+---+---+---+---+---+---+---+---+---+---+   .   .
                  |   |   |   |   |       |   |   |   |   |
                  +---+---+---+---+   .   +---+   +---+---+   .   .
                  |---------------|       |---|   |-------|
                      Modified                    Modified
                  New segments, corresponding to the dirty
                  ranges, are pushed into the queue for each
                  of the current segment's neighboring rows.
                  No segments are pushed for the row of the
                  source segment for non-modified dirty

To amortize the cost of maintaining and processing multiple separate segments, dirty ranges that are separated by a small-enough gap are coalesced into a single range prior to this step; the gap between the ranges, if exists, becomes part of the coalesced range; the ‘‘modified’’ flag of the coalesced range is the logical-OR of the ‘‘modified’’ flags of the individual ranges.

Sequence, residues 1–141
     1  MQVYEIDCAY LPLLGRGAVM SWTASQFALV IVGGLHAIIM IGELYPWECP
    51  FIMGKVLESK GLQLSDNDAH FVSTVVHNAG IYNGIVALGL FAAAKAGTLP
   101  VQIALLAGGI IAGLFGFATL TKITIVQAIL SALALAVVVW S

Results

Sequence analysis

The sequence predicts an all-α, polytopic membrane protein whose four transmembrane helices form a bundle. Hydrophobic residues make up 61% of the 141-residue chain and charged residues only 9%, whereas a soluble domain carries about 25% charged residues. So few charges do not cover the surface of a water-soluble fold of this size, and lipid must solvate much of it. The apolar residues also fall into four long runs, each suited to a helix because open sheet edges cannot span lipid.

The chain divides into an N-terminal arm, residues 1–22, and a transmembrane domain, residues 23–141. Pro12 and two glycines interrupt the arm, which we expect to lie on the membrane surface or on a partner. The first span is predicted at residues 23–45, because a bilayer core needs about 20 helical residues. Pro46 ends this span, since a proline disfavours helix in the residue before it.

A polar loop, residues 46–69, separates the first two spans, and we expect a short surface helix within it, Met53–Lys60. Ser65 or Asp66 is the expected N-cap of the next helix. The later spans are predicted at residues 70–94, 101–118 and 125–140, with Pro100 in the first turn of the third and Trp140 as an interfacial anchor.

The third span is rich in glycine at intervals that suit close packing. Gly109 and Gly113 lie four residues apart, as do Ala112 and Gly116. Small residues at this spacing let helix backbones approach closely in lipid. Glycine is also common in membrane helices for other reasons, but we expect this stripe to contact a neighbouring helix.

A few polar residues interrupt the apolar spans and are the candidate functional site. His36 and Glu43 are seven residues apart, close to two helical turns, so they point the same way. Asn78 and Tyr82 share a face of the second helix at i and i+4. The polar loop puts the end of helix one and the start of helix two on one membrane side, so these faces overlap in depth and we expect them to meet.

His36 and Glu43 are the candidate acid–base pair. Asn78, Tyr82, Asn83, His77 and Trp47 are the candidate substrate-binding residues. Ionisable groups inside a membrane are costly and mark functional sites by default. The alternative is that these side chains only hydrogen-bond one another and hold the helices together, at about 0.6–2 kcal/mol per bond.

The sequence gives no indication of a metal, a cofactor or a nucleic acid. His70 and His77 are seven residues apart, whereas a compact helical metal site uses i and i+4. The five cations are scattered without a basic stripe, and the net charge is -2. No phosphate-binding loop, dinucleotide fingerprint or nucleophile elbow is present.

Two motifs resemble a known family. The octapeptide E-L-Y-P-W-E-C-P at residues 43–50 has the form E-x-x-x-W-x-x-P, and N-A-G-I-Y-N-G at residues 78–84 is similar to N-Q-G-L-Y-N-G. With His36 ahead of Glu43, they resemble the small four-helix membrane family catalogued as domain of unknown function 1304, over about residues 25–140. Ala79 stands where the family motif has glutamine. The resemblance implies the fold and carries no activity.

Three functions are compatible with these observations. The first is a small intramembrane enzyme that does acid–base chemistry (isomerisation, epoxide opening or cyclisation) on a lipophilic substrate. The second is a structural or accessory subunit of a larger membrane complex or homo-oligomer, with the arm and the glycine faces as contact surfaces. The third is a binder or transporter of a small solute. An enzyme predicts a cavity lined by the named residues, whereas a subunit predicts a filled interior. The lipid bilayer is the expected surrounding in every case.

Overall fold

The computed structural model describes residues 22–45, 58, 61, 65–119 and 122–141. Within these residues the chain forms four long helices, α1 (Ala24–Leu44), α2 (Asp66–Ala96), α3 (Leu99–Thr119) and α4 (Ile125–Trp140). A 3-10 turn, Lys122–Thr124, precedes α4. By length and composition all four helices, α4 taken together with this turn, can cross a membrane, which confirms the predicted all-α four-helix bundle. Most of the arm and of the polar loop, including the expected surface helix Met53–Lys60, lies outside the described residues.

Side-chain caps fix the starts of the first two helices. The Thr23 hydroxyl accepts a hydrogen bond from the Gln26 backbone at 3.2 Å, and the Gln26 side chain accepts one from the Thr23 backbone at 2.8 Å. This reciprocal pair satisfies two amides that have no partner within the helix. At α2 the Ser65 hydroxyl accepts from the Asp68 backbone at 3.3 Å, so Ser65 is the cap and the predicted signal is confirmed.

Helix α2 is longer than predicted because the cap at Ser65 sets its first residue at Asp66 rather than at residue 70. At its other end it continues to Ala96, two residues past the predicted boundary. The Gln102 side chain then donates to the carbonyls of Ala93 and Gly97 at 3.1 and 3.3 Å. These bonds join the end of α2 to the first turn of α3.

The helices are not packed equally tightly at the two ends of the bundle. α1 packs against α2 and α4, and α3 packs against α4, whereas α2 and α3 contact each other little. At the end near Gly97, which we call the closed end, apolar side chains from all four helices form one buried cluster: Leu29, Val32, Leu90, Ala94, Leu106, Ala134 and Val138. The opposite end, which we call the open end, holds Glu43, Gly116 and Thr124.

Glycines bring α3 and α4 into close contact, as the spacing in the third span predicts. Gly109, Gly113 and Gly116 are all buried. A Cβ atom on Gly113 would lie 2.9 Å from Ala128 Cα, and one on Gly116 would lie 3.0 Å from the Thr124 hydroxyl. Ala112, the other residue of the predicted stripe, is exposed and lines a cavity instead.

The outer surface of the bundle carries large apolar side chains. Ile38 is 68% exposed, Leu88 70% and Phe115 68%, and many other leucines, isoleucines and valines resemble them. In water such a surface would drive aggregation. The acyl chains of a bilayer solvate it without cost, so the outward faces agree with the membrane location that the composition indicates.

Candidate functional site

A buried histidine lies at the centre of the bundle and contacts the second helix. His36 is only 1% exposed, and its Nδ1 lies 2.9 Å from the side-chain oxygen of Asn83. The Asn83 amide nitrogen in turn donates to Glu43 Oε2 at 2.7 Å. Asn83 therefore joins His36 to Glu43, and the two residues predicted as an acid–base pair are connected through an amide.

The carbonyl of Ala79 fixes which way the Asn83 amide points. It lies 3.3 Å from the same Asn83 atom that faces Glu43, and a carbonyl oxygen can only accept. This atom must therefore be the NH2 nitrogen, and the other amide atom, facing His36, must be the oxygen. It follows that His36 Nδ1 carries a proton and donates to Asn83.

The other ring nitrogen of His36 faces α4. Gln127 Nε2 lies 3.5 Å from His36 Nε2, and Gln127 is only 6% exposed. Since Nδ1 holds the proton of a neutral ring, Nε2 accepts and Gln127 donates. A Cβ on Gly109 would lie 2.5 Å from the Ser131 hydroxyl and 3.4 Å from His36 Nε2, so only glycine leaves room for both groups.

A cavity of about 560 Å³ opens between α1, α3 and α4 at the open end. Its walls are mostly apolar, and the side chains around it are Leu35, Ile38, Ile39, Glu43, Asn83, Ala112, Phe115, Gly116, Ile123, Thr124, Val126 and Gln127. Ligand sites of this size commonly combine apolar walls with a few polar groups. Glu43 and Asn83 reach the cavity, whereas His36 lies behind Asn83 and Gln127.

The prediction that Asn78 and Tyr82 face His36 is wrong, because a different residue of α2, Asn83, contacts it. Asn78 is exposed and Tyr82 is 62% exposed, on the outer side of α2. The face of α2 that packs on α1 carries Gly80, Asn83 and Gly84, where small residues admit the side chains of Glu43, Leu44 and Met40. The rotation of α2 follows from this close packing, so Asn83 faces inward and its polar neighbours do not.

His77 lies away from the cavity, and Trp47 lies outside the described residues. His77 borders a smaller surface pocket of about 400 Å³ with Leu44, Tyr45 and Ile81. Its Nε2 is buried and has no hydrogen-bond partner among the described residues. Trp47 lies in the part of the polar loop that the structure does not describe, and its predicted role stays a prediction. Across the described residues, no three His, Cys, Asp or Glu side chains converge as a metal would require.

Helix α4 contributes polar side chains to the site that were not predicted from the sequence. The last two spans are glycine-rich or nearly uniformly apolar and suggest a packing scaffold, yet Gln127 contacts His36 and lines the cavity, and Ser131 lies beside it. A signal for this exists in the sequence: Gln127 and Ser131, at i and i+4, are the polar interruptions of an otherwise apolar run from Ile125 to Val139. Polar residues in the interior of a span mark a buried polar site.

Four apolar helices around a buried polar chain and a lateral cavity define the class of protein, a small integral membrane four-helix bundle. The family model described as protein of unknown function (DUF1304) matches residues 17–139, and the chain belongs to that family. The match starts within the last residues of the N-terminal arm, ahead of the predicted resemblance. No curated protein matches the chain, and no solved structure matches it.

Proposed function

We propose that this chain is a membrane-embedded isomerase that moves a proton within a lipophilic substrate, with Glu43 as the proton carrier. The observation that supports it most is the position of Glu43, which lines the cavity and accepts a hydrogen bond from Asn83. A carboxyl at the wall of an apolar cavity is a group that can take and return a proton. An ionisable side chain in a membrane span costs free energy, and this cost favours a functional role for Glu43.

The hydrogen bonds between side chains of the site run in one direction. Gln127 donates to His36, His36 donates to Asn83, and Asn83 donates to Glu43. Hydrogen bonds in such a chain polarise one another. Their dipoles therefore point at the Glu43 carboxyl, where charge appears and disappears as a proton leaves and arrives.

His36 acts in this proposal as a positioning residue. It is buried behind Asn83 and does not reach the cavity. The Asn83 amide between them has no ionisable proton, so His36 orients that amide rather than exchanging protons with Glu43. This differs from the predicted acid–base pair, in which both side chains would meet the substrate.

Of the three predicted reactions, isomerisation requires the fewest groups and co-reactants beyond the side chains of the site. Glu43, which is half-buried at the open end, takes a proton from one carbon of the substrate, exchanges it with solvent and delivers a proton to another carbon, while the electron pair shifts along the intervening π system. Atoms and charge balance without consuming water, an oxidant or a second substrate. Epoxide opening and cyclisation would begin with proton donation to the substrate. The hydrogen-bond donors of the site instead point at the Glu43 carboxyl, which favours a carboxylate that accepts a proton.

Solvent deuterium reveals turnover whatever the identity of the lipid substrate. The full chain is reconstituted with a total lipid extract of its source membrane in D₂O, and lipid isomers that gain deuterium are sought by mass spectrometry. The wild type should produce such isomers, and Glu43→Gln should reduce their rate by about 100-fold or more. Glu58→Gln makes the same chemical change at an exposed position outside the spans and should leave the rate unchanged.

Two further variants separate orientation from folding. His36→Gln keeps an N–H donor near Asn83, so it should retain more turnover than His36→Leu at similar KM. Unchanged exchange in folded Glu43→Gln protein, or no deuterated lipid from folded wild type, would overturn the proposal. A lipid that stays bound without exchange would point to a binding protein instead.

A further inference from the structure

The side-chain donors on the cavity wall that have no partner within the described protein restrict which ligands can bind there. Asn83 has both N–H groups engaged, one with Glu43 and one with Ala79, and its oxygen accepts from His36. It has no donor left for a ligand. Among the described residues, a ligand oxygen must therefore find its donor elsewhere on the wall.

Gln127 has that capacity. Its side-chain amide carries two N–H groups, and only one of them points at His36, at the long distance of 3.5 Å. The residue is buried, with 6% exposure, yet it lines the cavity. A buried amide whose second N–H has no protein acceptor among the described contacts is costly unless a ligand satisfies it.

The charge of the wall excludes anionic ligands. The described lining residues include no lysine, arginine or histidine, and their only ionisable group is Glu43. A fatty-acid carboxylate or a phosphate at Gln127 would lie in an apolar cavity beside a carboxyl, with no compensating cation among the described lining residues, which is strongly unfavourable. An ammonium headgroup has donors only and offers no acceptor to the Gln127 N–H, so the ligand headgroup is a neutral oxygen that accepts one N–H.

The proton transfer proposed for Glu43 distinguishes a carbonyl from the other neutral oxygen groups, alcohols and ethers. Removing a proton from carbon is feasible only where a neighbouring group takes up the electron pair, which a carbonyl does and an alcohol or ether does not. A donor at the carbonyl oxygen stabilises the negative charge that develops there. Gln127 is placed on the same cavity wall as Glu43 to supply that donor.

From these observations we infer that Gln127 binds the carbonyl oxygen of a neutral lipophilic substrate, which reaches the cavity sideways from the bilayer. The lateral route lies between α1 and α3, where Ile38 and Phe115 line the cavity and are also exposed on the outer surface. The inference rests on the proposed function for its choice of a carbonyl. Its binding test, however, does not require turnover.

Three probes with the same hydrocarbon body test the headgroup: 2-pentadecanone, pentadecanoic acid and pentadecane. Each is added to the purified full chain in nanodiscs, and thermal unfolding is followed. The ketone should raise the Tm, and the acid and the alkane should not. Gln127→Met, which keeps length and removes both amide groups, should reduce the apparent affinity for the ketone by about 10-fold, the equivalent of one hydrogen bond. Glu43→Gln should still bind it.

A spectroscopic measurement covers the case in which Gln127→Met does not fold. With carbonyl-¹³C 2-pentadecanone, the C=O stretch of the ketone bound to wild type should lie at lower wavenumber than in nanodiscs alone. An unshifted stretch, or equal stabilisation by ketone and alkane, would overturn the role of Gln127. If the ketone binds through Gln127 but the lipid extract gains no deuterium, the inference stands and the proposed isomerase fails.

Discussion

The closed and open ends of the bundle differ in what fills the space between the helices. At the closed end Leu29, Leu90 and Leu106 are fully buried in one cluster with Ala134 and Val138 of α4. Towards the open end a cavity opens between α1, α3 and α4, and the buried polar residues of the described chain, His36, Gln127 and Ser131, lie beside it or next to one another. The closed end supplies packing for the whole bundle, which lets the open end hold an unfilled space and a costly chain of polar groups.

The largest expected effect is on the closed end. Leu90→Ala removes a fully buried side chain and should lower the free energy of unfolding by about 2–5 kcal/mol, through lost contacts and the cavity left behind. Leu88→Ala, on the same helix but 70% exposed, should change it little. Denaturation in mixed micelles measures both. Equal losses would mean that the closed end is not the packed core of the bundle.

Start and Termination

Recall that segments are pushed into the queue as a result of a change in the water level of a neighboring segment. To kick this process off, we pretend that the water level outside the image instantaneously dropped from 1 to 0, and push four segments, referred to as the “seed segments”, corresponding to the four edges of the image (there may, in fact, be less than four seed segments, if the image is 1- or 2-pixel wide or high.) The source segment of the seed segments, hypothetically, lies outside the image; in particular, the water level of the neighboring pixels in the vertical propagation step is taken to be 0 for the seed segments.

                    |                                   |
                    |   |                           |   |